One of my Christmas presents to my sister was a dual membership with me to the Metropolitan Museum. Since her birthday is Monday, we decided to celebrate by seeing a couple of exhibits at the Met and having lunch in the lovely Members Dining Room, which is almost worth the cost of membership alone.
photo courtesy of the Metropolitan Museum
On the fourth floor overlooking Central Park, it is the perfect respite for a special occasion. The service is attentive and Chef Fred Sabo’s food is fresh and delicious with appropriately stylish presentation (below our Key Lime Baked Alaska with Lime-Ginger Sauce and Blackberry-Oregano Sherbert – delicious).
While there is always something to see at the Met, we went to specifically see two exhibits. Madame Cézanne is a quiet blockbuster of a show that will have you thinking about the artist, his wife, the art of portraiture and the enduring importance of Cézanne for days to come. Including twenty-four of the twenty-nine known portraits Paul Cézanne painted of his wife, the show explores the role Hortense Fiquet played in the life and work of the artist.
The most frequent and longterm subject of Cézanne’s portraits, Hortense was maligned by his friends and family, as well as in the annals of art history. But she now finally gets her due. It is clear, despite whatever their personal relationship might have been, that she played an essential role in the development of her husband’s work. Sitting for Cézanne is known to have been a torturous task as he worked slowly, taking long pauses between each carefully considered stroke while expecting his subjects to remain still and silent. And yet Hortense continued to pose for him over the course of twenty years. This shows at the very least, a loyalty, patience and respect for craft.
Cézanne’s portraits of his wife are not contemplative searches of character but rather explorations of the artist’s sensory perceptions. Like his repetitive examinations of Mont St. Victoire and still lifes, Hortense served as a familiar subject matter, allowing Cézanne the freedom to explore process through an incremental approach. She appears different in each portrait, her expressions seeming to be not so much a reflection of her attitude as an abstraction on the part of the artist. Forming a cohesive body of work, these portraits serve not only as a reconsideration of Hortense’s importance but also as insight to Cézanne’s innovative and powerful work which influenced so many of the greatest 20th century artists. Perhaps that is why artists of international caliber are flocking to this show. And you should too.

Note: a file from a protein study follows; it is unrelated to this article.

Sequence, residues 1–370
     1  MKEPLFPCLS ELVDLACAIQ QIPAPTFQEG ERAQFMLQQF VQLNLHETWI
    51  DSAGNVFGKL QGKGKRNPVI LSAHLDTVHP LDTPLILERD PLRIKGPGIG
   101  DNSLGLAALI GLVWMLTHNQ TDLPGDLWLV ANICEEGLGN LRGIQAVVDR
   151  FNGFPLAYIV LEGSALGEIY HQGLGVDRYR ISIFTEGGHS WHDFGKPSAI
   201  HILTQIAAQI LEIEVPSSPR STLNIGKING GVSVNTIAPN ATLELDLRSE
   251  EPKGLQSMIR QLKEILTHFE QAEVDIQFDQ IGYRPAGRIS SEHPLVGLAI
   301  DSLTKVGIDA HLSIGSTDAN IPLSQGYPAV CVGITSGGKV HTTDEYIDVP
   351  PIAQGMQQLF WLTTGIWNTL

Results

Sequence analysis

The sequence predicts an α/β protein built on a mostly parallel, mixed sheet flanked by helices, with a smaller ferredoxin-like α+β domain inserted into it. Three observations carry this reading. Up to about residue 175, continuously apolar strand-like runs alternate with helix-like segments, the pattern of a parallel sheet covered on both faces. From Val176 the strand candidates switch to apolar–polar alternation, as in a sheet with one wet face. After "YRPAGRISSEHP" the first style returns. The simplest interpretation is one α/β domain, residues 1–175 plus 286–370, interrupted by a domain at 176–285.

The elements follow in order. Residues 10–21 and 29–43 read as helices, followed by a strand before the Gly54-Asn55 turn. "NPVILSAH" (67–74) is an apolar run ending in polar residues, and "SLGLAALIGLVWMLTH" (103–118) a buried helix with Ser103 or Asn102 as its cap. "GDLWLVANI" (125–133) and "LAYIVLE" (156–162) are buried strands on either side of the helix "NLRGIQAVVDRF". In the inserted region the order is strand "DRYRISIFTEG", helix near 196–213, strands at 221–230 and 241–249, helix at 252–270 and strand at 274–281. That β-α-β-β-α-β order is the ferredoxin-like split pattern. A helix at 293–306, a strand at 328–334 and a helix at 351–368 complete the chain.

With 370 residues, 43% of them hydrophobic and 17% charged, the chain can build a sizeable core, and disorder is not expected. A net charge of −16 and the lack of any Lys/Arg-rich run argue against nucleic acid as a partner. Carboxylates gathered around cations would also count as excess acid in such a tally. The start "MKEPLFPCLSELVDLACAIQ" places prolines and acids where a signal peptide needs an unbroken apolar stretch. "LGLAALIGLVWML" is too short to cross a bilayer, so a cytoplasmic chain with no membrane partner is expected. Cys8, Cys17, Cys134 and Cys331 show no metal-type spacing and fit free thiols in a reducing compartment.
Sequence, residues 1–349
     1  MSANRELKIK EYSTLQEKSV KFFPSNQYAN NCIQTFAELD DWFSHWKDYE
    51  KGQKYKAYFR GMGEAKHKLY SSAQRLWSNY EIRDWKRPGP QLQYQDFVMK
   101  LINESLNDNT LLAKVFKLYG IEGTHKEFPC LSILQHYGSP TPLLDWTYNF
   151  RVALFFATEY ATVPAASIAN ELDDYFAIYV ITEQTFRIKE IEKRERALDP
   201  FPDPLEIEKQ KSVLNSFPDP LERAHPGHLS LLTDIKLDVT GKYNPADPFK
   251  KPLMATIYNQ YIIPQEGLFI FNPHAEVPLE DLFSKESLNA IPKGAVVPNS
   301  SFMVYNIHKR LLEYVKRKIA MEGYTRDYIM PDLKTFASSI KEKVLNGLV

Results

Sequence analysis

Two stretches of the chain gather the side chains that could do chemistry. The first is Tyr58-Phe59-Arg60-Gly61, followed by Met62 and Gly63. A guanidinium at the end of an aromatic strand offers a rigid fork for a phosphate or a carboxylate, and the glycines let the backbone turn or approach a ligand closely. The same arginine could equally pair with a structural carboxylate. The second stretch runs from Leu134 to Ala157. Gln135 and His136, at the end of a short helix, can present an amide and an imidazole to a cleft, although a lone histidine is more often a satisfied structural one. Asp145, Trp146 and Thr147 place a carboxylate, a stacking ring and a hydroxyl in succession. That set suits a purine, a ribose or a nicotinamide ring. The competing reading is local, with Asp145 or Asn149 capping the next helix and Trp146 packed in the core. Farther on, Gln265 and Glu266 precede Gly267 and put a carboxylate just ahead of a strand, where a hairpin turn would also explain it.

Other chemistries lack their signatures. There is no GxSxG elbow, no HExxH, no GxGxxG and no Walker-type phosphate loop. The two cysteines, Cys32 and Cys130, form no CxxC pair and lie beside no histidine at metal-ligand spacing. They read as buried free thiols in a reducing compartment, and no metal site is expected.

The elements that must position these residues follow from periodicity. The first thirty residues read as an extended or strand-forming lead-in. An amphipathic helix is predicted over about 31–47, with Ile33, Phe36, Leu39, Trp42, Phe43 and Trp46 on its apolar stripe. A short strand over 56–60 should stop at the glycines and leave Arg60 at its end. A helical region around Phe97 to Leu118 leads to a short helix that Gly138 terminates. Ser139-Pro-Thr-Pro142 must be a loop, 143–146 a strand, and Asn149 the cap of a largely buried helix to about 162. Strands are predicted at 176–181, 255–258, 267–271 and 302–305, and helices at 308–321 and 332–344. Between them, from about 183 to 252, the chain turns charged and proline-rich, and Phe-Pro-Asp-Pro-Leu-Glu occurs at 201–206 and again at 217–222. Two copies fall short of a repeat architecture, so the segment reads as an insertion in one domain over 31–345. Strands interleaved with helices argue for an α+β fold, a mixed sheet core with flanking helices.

On the lower floor, Elaborate Embroidery is a small show featuring the amazing sartorial artistry available for men to choose from in Paris between 1760 and 1815.
Not unlike the contemporary Haute Couture Ateliers I wrote about last fall, the Parisian embroidery workshops of the era produced exquisite handmade designs, such as the silk embroidery on silk velvet above, to enhance the decorative quality of upper class European menswear.
A copy of the book, The Art of the Embroiderer, published in Paris in 1770, on display further illustrates the detailed work and preparation that went into these fashionable decorations. This show offers a peek at how such couture custom garments were an integral part of not only upper class European women’s lives of this era but those of the men as well.
Lastly, the recently acquired Robert A. Ellison Jr. Collection of European Art Pottery is included in another small show, Making Pottery Art, which shows the forward looking approach to the medium French potters took at the turn of the 20th century. Shown alongside many of the works from other cultures that inspired them, they are a surprising mix. I was especially intrigued by this beautiful Haviland Jardinière, with its pictorial landscape scene.